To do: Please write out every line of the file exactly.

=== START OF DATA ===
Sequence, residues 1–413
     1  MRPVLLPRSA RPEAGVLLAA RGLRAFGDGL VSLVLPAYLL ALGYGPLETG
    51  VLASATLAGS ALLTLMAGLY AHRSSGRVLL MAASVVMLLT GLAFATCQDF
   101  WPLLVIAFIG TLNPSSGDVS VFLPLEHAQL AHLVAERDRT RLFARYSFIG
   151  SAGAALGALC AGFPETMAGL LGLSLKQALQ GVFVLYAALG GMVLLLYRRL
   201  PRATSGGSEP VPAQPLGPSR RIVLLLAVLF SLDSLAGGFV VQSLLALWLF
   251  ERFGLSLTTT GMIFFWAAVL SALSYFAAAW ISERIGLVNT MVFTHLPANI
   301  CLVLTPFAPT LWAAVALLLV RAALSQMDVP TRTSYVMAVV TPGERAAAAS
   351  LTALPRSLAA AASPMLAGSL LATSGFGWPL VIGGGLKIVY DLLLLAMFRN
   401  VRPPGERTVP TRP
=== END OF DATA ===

Sequence, residues 1–413
     1  MRPVLLPRSA RPEAGVLLAA RGLRAFGDGL VSLVLPAYLL ALGYGPLETG
    51  VLASATLAGS ALLTLMAGLY AHRSSGRVLL MAASVVMLLT GLAFATCQDF
   101  WPLLVIAFIG TLNPSSGDVS VFLPLEHAQL AHLVAERDRT RLFARYSFIG
   151  SAGAALGALC AGFPETMAGL LGLSLKQALQ GVFVLYAALG GMVLLLYRRL
   201  PRATSGGSEP VPAQPLGPSR RIVLLLAVLF SLDSLAGGFV VQSLLALWLF
   251  ERFGLSLTTT GMIFFWAAVL SALSYFAAAW ISERIGLVNT MVFTHLPANI
   301  CLVLTPFAPT LWAAVALLLV RAALSQMDVP TRTSYVMAVV TPGERAAAAS
   351  LTALPRSLAA AASPMLAGSL LATSGFGWPL VIGGGLKIVY DLLLLAMFRN
   401  VRPPGERTVP TRP